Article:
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Splitting Up A Rails And React App Into Separate Docker Containers?

- 1 answer

I have an app with a Rails backend and a React frontend. I am deploying it in Docker containers: one for the app, one for postgres, and one as a data volume container. I have it working, but the app image file is huge (3Gb!) and takes a long time to build.

I'd love a way to split it up. The React app needs a bunch of Node packages, but only for development; once it's all webpack-ed the React app is essentially static files. And the Rails app doesn't need Node at all.

I don't need all the development-time tooling in the production image, but as it is, I feel like I need to have it all in the same codebase so I can (eventually) set up a CI/CD environment that can build the app and run all the tests. Is there a way to do this such that I'd have a container for the React/Node app and a container for Rails, and connect them at runtime?

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Answer

I think that you may have found the answer to your question already - split the code bases.

We all have some kind of knee-jerk reflex to want to keep everything in a project in the same repo. It feels safe. Dealing with separate repos seems quite scary, but so does not moshing CSS and JS into HTML for most beginners.

I feel like I need to have it all in the same codebase so I can (eventually) set up a CI/CD environment that can build the app and run all the tests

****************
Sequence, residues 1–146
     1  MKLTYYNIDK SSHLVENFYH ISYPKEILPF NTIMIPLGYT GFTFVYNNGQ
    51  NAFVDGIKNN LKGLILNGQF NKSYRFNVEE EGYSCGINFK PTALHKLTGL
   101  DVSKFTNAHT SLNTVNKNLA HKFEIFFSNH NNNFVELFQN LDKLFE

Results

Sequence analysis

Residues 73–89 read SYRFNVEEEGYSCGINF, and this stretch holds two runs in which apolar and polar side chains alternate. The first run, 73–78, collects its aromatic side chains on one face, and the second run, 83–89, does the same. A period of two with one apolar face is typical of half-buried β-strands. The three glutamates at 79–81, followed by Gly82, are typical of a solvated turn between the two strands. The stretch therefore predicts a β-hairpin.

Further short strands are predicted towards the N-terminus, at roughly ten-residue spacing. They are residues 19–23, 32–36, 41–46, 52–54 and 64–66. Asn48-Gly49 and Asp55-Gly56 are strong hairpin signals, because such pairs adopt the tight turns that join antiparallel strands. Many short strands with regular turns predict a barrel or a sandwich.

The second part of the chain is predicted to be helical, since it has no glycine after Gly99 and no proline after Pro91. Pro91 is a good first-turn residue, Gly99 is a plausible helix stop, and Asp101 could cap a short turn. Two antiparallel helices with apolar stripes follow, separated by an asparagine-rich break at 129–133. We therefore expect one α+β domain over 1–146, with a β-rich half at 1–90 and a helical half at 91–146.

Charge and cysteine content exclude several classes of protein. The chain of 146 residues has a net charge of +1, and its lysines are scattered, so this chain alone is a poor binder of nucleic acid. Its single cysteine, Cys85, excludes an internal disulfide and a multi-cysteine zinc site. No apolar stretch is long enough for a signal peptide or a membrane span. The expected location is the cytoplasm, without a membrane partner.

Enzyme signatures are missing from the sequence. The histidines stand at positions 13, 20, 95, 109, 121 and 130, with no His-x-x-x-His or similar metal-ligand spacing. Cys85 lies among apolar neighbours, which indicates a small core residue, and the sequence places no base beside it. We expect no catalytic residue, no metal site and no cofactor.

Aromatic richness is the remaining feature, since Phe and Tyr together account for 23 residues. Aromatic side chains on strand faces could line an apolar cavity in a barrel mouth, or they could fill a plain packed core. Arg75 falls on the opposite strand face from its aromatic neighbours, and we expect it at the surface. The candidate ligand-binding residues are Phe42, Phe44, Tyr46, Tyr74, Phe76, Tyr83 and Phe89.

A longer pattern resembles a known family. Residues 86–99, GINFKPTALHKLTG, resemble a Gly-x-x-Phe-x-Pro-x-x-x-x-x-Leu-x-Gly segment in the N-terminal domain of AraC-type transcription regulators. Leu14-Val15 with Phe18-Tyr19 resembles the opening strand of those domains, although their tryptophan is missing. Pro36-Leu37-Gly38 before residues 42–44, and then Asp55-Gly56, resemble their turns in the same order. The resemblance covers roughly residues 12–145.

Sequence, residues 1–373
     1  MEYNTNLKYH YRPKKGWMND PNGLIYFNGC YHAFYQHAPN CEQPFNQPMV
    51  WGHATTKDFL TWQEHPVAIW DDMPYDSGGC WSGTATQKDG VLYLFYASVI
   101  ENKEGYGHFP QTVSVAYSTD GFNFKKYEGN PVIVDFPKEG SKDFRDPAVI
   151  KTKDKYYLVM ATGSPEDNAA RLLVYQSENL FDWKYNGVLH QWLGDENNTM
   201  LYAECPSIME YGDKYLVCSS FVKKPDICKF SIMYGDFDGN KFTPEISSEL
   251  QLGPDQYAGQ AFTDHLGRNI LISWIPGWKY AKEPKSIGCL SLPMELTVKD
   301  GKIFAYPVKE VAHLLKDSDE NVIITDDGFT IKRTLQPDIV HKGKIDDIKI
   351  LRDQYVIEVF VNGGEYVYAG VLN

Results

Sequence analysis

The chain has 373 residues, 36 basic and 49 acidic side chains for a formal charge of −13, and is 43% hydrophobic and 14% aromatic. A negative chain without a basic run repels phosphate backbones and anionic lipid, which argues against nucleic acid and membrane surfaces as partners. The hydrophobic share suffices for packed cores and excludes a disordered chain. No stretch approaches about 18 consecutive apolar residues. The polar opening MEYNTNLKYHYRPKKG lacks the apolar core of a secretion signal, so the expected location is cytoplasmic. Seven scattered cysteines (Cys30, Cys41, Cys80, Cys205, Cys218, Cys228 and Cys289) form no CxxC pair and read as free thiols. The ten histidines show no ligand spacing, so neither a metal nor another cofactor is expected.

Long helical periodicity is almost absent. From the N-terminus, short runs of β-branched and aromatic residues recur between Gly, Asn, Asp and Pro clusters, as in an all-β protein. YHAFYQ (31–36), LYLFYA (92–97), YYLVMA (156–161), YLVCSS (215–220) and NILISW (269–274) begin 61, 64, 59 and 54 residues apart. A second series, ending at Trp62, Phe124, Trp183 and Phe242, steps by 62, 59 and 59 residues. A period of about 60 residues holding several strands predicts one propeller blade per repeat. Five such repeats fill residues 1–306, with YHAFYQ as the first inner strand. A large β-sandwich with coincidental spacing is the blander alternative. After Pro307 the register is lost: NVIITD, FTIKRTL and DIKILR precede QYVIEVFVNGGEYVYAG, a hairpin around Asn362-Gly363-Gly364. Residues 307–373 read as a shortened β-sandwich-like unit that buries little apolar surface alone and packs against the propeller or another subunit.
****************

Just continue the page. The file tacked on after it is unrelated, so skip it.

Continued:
Well that would be nice - however testing javascript through Ruby or automated browsers is painfully slow. You end up with a "fast" suite of unit tests and a slow "suite" of integration tests that take 15+ minutes.

So whats the alternative?

Your API and your SPA application (angular) actually do very different things.

The API takes HTTP requests and poops out JSON. It runs on a Ruby on Rails server and talks with a database and even other API's.

You would do integration tests of you API by sending HTTP requests and testing the response.

Your API should not really care if the request comes from a Fuzzle widget and renders a happy face or not. Its not the API's job.

RSpec.describe 'Pets API' do

  let!(:pet) { create(:pet) }
  let(:json) { JSON.parse(response.body) }

  describe 'GET /pets' do
    get '/pets'
    expect(json["name"]).to eq pet.name
  end
end

The SPA server basically just needs to serve static HTML and just enough javascript to get stuff rolling.

A docker container seems almost overkill here - you just want a nginx server behind a reverse proxy or a load balancer as you're only serving up one thing.

You should have tests written in javascript that either mock out the API server or talk to a fake API server. If you really have to you could automate a browser and let it talk to test version of the API.

Your SPA will most likely have its own JS based toolkit and build process, and most importantly - its own test suite.

Of course this highly opinionated, but think about it - both projects will benefit from having their own infrastructure and a clear focus. Especially the API part which can end up really strange if you start building it around a user interface.

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source: stackoverflow.com
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